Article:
Imputed Cost

Written by True Tamplin, BSc, CEPF®

Updated on January 03, 2023


Imputed Cost—is the cost allocated for resources or use of a service which does not involve a cash outlay. They are hypothetical costs and are not recorded in the books of accounts.

There are those costs which do not involve cash outlay. These are not included in the cost accounts. But they are important and management gives greater importance to such costs.

Interest on capital is such a cost which does not find a place in cost computation but which is the most important consideration from every angle which is certainly helpful in judging the relative profitability of the projects. These costs are also known as Hypothetical overheads.


Imputed cost is used in a narrower context (as compared to the concept of opportunity cost) and generally relates to the interval events of the organization. Examples of imputed cost include interest on owners equity, rent of building owned by the firm etc.

However, in some cases, the concept of opportunity cost and imputed cost may be used interchangeably.

Imputed Cost FAQs

What does imputed cost mean?

The term imputed means “to bring into existence through calculation” or “to make or regard as being rather than actual.” Thus, the imputed cost is the cost of using an asset without actually incurring any expenses.

What is an example of imputed cost?

A good example of the imputed cost would be the annual interest accrued on money that is held in a savings deposit or investment account. This “imputed” or “phantom” cost benefits the owner by increasing the money in his possession, even though no real cash was spent.

How is imputed cost different from opportunity cost?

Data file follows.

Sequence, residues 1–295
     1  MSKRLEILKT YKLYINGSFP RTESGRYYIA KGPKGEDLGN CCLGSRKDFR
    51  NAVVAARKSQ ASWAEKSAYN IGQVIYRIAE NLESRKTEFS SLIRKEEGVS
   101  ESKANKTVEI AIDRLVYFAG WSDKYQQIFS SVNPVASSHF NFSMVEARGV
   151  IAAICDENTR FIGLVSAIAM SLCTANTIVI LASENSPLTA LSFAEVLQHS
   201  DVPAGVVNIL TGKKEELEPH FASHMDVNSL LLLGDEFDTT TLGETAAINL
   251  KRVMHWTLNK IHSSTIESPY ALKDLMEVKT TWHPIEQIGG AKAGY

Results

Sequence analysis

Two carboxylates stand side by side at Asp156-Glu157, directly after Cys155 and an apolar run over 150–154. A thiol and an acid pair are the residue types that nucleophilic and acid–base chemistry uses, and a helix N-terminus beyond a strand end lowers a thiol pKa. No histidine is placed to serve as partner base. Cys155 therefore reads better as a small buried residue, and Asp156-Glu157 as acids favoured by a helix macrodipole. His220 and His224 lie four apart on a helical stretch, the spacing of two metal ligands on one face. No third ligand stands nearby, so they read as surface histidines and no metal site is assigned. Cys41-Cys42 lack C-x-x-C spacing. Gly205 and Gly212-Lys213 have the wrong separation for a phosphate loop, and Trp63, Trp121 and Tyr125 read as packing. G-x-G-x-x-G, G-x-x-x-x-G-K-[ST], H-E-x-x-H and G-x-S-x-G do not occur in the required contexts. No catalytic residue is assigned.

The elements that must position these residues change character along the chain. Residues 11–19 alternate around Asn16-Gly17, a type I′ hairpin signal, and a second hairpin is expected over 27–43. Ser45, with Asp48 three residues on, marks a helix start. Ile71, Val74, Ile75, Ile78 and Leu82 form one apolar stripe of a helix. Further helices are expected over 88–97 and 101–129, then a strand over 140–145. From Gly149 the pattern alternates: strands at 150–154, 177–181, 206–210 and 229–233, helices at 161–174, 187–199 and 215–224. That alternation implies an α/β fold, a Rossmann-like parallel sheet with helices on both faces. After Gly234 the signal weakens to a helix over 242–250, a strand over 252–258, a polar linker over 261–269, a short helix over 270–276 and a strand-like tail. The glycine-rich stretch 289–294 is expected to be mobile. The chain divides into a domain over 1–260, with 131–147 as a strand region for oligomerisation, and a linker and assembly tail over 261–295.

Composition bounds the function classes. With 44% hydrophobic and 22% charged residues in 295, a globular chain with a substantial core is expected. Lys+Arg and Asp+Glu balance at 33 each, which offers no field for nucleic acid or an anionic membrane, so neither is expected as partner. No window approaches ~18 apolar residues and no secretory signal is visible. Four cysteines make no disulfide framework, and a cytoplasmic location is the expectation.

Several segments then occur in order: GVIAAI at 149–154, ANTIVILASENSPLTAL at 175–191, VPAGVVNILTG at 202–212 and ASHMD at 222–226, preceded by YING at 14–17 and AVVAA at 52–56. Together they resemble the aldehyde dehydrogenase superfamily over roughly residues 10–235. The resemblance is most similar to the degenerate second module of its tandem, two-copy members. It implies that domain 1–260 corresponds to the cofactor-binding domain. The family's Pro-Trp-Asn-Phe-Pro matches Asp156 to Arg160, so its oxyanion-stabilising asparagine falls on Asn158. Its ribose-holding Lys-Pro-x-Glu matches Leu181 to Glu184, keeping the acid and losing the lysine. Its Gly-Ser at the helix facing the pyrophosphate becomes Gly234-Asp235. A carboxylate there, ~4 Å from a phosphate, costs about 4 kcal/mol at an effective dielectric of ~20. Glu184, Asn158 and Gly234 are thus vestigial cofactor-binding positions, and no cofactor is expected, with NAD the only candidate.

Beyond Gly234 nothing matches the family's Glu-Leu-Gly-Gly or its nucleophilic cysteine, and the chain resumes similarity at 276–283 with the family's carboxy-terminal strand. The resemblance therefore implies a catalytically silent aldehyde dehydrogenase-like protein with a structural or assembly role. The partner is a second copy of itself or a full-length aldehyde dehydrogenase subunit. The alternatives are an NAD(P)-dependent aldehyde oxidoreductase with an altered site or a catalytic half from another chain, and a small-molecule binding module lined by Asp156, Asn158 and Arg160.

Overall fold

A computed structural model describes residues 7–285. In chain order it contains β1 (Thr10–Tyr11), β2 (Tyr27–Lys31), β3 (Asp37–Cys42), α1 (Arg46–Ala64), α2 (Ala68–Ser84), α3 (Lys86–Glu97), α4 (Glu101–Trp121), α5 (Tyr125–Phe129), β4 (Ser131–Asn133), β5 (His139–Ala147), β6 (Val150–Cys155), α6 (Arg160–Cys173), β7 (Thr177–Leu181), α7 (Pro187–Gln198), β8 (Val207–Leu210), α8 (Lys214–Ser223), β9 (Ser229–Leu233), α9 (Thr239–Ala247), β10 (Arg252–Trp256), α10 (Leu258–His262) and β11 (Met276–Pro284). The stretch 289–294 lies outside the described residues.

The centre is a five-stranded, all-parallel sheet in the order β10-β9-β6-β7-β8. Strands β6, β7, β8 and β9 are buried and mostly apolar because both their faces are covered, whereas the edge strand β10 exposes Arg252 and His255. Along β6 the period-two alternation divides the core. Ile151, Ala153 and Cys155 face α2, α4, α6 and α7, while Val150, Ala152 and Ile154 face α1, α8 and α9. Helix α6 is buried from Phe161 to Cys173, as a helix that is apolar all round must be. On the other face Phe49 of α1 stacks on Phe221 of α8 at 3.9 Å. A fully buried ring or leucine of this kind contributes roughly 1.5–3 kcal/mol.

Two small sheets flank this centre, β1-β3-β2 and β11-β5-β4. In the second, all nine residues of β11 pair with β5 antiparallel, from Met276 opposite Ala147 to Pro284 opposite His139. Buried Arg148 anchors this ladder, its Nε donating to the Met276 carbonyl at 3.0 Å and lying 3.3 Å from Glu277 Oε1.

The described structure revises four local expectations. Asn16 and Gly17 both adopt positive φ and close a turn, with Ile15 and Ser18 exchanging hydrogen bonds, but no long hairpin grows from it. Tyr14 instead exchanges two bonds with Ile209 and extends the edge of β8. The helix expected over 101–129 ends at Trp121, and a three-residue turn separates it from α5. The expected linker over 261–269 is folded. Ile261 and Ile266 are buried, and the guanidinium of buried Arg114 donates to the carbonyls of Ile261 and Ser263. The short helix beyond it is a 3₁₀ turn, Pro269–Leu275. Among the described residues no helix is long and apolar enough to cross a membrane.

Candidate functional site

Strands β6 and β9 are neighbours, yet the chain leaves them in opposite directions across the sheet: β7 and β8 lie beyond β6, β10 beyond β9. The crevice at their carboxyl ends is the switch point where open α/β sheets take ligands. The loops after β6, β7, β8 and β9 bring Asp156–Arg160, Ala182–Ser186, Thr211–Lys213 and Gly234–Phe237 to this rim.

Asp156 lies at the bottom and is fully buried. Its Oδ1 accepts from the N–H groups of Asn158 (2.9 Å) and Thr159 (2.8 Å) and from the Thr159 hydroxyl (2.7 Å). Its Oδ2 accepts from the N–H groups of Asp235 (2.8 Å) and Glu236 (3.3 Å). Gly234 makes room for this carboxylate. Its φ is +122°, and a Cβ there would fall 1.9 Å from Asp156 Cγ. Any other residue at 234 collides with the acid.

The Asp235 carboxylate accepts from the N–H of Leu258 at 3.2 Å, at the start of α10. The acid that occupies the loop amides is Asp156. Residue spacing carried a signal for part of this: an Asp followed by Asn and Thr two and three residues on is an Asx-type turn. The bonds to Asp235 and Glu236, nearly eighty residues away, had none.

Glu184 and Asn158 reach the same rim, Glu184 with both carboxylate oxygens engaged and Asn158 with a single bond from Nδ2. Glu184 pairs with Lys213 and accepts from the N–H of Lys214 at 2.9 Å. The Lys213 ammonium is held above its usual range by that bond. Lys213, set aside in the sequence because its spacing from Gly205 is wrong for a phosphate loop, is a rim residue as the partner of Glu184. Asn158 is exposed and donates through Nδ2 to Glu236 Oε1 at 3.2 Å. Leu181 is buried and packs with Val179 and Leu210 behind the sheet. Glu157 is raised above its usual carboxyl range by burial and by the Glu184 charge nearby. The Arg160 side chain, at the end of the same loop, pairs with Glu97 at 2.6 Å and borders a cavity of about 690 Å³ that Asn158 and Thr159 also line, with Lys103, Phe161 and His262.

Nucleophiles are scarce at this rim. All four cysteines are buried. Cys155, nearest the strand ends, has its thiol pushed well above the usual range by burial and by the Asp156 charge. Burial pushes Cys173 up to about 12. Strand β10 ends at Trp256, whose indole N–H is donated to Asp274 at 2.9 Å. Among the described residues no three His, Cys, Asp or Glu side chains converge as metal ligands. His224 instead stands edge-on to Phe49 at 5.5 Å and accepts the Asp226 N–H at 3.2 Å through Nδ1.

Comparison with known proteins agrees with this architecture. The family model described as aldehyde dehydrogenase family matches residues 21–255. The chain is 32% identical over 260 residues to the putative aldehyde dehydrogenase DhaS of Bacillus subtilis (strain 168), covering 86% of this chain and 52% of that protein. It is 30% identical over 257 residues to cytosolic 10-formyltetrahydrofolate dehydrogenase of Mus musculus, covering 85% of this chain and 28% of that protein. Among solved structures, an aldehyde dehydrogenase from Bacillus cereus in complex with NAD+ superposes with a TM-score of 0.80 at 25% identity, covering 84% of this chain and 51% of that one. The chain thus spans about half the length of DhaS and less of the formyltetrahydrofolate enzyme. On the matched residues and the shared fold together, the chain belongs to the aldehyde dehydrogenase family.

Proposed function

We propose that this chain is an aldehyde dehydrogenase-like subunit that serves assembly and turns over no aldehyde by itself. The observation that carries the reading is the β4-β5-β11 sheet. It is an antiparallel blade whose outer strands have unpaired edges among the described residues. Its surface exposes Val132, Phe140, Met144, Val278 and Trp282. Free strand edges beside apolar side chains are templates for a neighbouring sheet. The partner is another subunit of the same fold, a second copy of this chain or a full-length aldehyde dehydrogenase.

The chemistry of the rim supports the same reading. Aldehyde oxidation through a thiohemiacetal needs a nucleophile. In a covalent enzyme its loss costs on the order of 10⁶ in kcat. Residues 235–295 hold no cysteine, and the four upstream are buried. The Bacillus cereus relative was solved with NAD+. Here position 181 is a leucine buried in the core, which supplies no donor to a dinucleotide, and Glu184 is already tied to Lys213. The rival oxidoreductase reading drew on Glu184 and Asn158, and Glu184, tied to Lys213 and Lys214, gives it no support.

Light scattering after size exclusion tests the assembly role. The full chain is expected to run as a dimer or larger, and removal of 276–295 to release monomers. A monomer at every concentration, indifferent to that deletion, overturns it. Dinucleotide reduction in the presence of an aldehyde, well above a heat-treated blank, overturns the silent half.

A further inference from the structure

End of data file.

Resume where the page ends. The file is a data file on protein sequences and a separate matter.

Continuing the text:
The two concepts are closely related, but there is a difference in that an opportunity cost denotes the loss of potential income when choosing between or performing certain tasks. For example, if you choose to attend college full-time instead of working full-time, your foregone earnings (opportunity cost) would be the full-time salary you could have earned.

Why is this imputed cost important?

Having an understanding of the amount of money that your business would be making if it invested in another form, such as government bonds or treasury bills, can help you to make more informed decisions about investments and capital expenditure.

What is the formula for imputed cost?

The formula for imputed cost is as follows: Imputed Cost = Capital Employed x Cost of Capital

About the Author

True Tamplin, BSc, CEPF®

True Tamplin is a published author, public speaker, CEO of UpDigital, and founder of Finance Strategists.

True is a Certified Educator in Personal Finance (CEPF®), author of The Handy Financial Ratios Guide, a member of the Society for Advancing Business Editing and Writing, contributes to his financial education site, Finance Strategists, and has spoken to various financial communities such as the CFA Institute, as well as university students like his Alma mater, Biola University, where he received a bachelor of science in business and data analytics.

To learn more about True, visit his personal website, view his author profile on Amazon, or check out his speaker profile on the CFA Institute website.